# Description of Step 4

In this last benchmark, Step 3 is repeated while now activating chemical reactions from the start. To this aim, the kinetic scheme of Boivin et al.[1] involving 9 species and 12 reversible reactions should be used in order to enable direct comparisons. The initial profiles of temperature and of mass fractions show the initial profiles for temperature, heat release, mass fractions of ${\displaystyle H_{2}}$ and of ${\displaystyle O_{2}}$ (????). As it can be observed from this figure, the species profiles are now different along the fuel/oxidizer interface compared to those in the non-reacting case (Step 3), shown in the initial profiles of temperature and of mass fractions. Now, the local species concentration corresponds to the equilibrium values obtained after initializing composition with Eqs (3) and (4) of Step 3 at initial temperature ${\displaystyle T_{0}=300K}$ and atmospheric pressure; in this manner, the initial conditions already mimic a real flame front, with local composition and temperature in agreement with each other.

Again, periodic boundary conditions are used in each direction. There is thus no net fluxes of mass, momentum or energy in any direction: the simulation domain can thus be considered to be closed. As a consequence, and contrary to Step 3, the thermodynamic pressure evolves in time during the present simulation because of the heat released by the chemical reactions and of the resulting dilatation. To enable meaningful comparisons, it is necessary to take into account this effect in the energy or temperature equation:

${\displaystyle {\frac {\partial T}{\partial t}}+u_{j}{\frac {\partial T}{\partial x_{j}}}={\frac {1}{\rho C_{p}}}\left[{\frac {dP_{0}}{dt}}+{\frac {\partial }{\partial x_{j}}}\left(\lambda {\frac {\partial T}{\partial x_{j}}}\right)-{\frac {\partial T}{\partial x_{j}}}\sum _{k=1}^{N_{s}}\rho C_{p,k}Y_{k}\theta _{k,j}-\sum _{k=1}^{N_{s}}h_{k}{\dot {\omega }}_{k}\right]\,}$ (1)

All symbols used in this equation are defined below. Usually, most simulations of low-Mach flow conditions assume that the thermodynamic pressure ${\displaystyle P_{0}}$ does not vary in time in case of open boundaries, considering that ${\displaystyle P_{0}}$ corresponds to the surrounding (usually atmospheric) pressure; therefore, ${\displaystyle dP_{0}/dt}$ vanishes in Eq.(1). On the other hand, for a closed computational domain -- as assumed here --, ${\displaystyle P_{0}}$ may change in time due to dilatation and must be evaluated at each timestep as follows[2]:

${\displaystyle P_{0}={\frac {M_{0}R}{\int _{\Omega }\left(T\sum _{k=1}^{N_{s}}Y_{k}/W_{k}\right)^{-1}dV}}}$ (2)

This equation is obtained by integrating the equation of state for perfect gases on the whole computational domain while assuming that the total mass is fixed and that the thermodynamic pressure is homogeneous inside the domain. In Eqs. (1) and (2), ${\displaystyle \rho }$, ${\displaystyle u_{j}}$, ${\displaystyle T}$, ${\displaystyle Y_{k}}$, ${\displaystyle W_{k}}$, ${\displaystyle N_{s}}$, ${\displaystyle C_{p,k}}$, ${\displaystyle h_{k}}$, ${\displaystyle \theta _{k,j}}$ and ${\displaystyle \mathrm {R} }$ are the density of the gas mixture, ${\displaystyle j}$-th component of flow velocity, gas temperature, ${\displaystyle k}$-th species mass fraction, ${\displaystyle k}$-th species molecular weight, number of species, ${\displaystyle k}$-th species specific heat capacity at constant pressure, ${\displaystyle k}$-th species enthalpy, ${\displaystyle j}$-th component of the species molecular diffusion velocity for each species ${\displaystyle k}$, and ideal gas constant, respectively. Finally, if the system is closed, the total mass ${\displaystyle M_{0}}$ of the mixture inside the computational domain ${\displaystyle \Omega }$ can be computed as:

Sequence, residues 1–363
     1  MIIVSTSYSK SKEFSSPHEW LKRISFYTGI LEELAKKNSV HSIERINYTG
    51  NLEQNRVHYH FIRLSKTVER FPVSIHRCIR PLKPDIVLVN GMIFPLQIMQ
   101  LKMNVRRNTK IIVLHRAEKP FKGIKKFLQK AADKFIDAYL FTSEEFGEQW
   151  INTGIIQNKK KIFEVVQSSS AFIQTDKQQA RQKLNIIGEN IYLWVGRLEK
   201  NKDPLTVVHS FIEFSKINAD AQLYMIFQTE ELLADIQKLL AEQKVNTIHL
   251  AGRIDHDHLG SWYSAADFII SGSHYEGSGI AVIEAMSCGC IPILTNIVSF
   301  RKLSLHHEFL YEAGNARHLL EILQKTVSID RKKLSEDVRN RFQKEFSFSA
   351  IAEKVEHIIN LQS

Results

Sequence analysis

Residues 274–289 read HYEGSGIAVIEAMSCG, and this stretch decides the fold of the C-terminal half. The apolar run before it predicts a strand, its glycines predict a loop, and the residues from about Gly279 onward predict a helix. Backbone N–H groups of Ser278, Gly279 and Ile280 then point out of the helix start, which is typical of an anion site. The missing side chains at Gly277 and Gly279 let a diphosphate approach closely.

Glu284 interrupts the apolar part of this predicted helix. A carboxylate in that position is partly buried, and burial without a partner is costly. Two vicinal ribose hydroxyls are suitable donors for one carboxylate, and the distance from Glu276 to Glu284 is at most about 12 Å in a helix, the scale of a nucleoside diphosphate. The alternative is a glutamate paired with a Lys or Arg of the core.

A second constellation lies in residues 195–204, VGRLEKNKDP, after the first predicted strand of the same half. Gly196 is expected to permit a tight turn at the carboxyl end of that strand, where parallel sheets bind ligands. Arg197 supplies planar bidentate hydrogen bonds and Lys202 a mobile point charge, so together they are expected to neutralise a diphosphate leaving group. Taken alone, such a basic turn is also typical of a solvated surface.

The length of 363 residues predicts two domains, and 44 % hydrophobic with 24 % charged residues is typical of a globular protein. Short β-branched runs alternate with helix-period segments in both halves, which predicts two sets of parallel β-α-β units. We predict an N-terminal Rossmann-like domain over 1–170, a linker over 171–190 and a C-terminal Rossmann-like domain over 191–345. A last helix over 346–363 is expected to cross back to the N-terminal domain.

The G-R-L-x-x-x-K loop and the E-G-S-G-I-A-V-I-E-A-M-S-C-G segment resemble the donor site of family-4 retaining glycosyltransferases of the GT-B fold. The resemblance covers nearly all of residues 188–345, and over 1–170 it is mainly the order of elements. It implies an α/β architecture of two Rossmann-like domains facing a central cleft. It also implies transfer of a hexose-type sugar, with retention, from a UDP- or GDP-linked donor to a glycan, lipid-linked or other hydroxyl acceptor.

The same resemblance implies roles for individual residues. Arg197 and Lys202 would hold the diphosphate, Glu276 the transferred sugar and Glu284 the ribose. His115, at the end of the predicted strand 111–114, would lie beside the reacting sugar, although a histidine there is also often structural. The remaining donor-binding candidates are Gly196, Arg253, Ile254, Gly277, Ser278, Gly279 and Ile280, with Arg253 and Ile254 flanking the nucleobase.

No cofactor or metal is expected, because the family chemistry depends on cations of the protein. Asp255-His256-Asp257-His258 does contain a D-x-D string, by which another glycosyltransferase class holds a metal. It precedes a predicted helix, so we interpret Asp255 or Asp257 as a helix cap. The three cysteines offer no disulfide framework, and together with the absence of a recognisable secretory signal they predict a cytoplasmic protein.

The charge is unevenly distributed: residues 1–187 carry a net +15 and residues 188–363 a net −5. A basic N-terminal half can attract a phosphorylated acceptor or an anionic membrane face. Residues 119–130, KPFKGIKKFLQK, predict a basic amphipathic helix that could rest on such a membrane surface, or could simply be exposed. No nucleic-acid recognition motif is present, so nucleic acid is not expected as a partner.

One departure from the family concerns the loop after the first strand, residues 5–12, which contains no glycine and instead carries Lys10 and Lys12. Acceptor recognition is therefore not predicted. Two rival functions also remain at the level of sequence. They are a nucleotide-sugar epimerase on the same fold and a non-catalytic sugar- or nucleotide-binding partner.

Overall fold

${\displaystyle M_{0}=\int _{\Omega }\rho \,dV\,}$ (3)

or an additional ODE on mass can be integrated if some mass fluxes are present at boundaries. All other physical and numerical parameters are identical for Step 3 and Step 4, the only difference between the two benchmarks being the activation of the reaction terms. As in Step 3, the simulation should be performed for a physical time of at least ${\displaystyle t=0.5\;\mathrm {ms} =2\tau _{\mathrm {ref} }}$ and can be continued up to ${\displaystyle t=2.5\;\mathrm {ms} =10\tau _{\mathrm {ref} }}$ for a full comparison with the data available on the benchmark repository[3].

Because of the various time-integration techniques used in each code it is difficult to give recommendations regarding the timestep here. For example, DINO being fully explicit, it is always limited by the Fourier Condition and thus uses small timesteps. On the other hand, YALES2 can treat diffusion implicitly and thus uses convective timestep as a limiter. Nek5000 has no operator splitting and uses implicit schemes: its timestep constraints are again different. In all cases, the chemical source terms are treated by a stiff integrator which is the only solution to deal with the extremly small timescales present in flames. The conservative values ${\displaystyle CFL=0.3}$ and ${\displaystyle Fo=0.2}$ that were proposed in Step 3 can be used as a first attempt. In any case, it is recommended to check that the timestep is small enough to not influence the final result.

# Aside suggestions

Should we prove that it is the case for our codes? It could be done easily, for each mesh, on a small number of iterations, say simulate 0.1ms with 2 or 3 different timesteps. This could also be done for Step 2 and 3 actually

# References

TBD

1. P. Boivin, C. Jiménez, A.L. Sanchez,, F.A. Williams, An explicit reduced mechanism for H2-air combustion., Proc. Combust. Inst. 33:517--523, 2011, Bibtex
Author : P. Boivin, C. Jiménez, A.L. Sanchez,, F.A. Williams
Title : An explicit reduced mechanism for H2-air combustion.
In : Proc. Combust. Inst. -